When Attorney General John Ashcroft began conducting daily prayer sessions with
Justice Department employees, he confirmed the hopes of religious conservatives
and the fears of secularists: The new Republican regime would make government
Ashcroft has loudly lamented the separation of church and state and has
advocated government funding for religious groups, as well as the reintroduction
of official prayer into public schools. Now he's organizing prayer in the public
workplace. According to a May 14 report in The Washington Post, Ashcroft and a
group of employees meet at 8:00 a.m. in his personal office or a conference room
to pray and study scripture.
Ashcroft's daily devotionals are said to be ecumenical, despite periodic
references to Jesus, and they are open to all employees. (His supporters boast
that one regular attendee is an Orthodox Jew.) No one is required to attend; but
according to the Post, some Justice Department employees are uneasy about the
prayer meetings and concerned that participation or nonparticipation in them
could affect their career prospects. Some are offended by the use of a government
workplace for sectarian religious activities.
Of course, Ashcroft has his own First Amendment right to pray at work that
demands respect. Advocates of public religiosity correctly point out that
religious beliefs are not neatly compartmentalized; people naturally take their
religions with them into the workplace (or voting booth). Federal law rightly
requires employers to make "reasonable accommodations" for religious expression
by employees. But "reasonableness" is a rather elastic concept that generates a
lot of litigation.
Questions about religion in the workplace are not new to employment lawyers,
regulatory agencies, or courts. The religious revivalism of the 1990s gave public
expressions of religious belief renewed respectability; it's not surprising that
the past decade saw an increase in discrimination claims involving employers'
alleged failures to accommodate their employees' religious practices.
Religious-discrimination claims before the federal Equal Employment Opportunity
Commission increased 43 percent between 1991 and 1997.
It is no small irony that these cases sometimes reflected efforts by employers
to regulate the religious expressions of some employees in deference to the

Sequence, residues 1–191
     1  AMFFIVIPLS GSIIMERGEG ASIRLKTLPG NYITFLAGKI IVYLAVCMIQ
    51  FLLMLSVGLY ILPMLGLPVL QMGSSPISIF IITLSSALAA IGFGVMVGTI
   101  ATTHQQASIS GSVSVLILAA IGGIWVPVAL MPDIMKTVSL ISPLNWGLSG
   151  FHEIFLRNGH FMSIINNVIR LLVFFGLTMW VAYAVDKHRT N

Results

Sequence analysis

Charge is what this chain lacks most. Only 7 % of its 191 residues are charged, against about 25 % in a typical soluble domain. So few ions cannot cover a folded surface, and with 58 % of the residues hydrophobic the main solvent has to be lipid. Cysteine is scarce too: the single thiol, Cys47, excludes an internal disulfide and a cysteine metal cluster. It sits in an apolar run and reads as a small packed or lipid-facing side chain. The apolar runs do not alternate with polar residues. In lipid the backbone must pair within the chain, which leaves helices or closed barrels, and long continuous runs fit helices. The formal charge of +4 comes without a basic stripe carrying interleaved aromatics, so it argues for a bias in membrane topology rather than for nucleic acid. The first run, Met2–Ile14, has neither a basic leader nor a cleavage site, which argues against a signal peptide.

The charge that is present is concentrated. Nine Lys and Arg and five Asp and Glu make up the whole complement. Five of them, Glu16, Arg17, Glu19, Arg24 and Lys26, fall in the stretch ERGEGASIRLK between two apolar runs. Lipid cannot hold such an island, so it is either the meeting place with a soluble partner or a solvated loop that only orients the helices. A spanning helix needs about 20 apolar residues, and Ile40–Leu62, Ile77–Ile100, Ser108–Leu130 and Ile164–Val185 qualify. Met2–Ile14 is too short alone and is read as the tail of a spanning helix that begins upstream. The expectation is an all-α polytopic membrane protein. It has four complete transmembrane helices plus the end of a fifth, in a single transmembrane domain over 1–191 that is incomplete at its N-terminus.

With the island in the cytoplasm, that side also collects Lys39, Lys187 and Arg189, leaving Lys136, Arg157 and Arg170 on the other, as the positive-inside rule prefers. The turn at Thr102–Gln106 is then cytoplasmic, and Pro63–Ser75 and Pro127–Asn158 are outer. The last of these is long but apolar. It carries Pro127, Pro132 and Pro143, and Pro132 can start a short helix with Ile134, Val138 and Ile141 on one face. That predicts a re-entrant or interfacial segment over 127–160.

beliefs of others. Increased sensitivity to harassment was both a blessing and a
curse to employees anxious to practice their religion at work. Lule Said, a
Muslim man in Massachusetts who was targeted by fellow employees for praying at
work, recently won a harassment claim against his employer. But in a 1995
Nebraska case, Wilson v. U.S. West, a federal appeals court ruled against
an employee, Christine Wilson, who claimed a religious right to wear an
anti-abortion button featuring a color photo of a fetus that upset her
co-workers, including some who shared her opposition to abortion rights.
Offended co-workers complained that the button constituted harassment, and Wilson
conceded that it caused serious disruption at work. The federal court upheld U.S.
West's efforts to accommodate Wilson's religious beliefs by giving her the option
of wearing an anti-abortion button with no pictures or wearing the pictorial
button in her own little cubicle and covering it at other times. In another 1995
case, Brown v. Polk County, however, the same court upheld the right of a
devout Christian employee, Isaiah Brown, to conduct prayer sessions in a
government workplace. His employer, Polk County, Iowa, claimed that the prayers
could cause resentment and religious divisiveness but presented no evidence that
they had actually done so.
As these cases make clear, the line between the right to express religious
beliefs at work and the power to impose those beliefs on others is often in
dispute, especially in a culture suspicious of First Amendment rights--a culture
that sometimes values inoffensiveness as much as self-expression. The rights of
employees to wear or display religious paraphernalia or pray at work should
generally prevail over the sensibilities of colleagues. Employers' concerns about
the divisiveness of sectarian rituals are not unfounded, but people ought to
tolerate the religious practices of their co-workers.
They should, however, be spared the religious enthusiasms of their
supervisors, which are apt to be inherently coercive. Indeed, federal guidelines
on religion in the federal workplace stress that supervisors need to express
their own religious beliefs with great care in order to avoid even misperceptions
of coercion. The attorney general is violating the spirit if not the letter of
these guidelines, his critics claim. He may have a legal right to conduct
morning prayer sessions, but it should be exercised with regard for his
authority over some 135,000 Justice Department employees, not to mention his
power to set policy for the nation. As conservatives often point out, you lose
your moral claim to exercise a right when you exercise it irresponsibly.
In any case, Ashcroft has limited credibility as a champion of religious
freedom. He aggressively supports the right of publicly funded religious groups
to limit the religious practices of their employees and even to hire and fire on
the basis of belief. Under the 1996 charitable-choice bill introduced by
then-Senator Ashcroft (and incorporated into the welfare reform law), religious
groups that receive federal funds to deliver social services are exempt from
federal law prohibiting religious discrimination in employment. In other words,
the attorney general supports the right of Christian employers who receive public
funds to hire only Christians or to prohibit Muslim employees from praying at
work or merely wearing head scarves. Ashcroft may read scripture every morning,
but he doesn't seem to know the Golden Rule.